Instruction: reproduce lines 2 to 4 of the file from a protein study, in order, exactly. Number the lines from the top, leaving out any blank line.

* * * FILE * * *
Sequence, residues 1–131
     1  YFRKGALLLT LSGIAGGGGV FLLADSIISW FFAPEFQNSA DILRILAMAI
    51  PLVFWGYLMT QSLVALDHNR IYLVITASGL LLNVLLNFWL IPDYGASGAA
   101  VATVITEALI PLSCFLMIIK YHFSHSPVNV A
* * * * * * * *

     1  YFRKGALLLT LSGIAGGGGV FLLADSIISW FFAPEFQNSA DILRILAMAI
    51  PLVFWGYLMT QSLVALDHNR IYLVITASGL LLNVLLNFWL IPDYGASGAA
   101  VATVITEALI PLSCFLMIIK YHFSHSPVNV A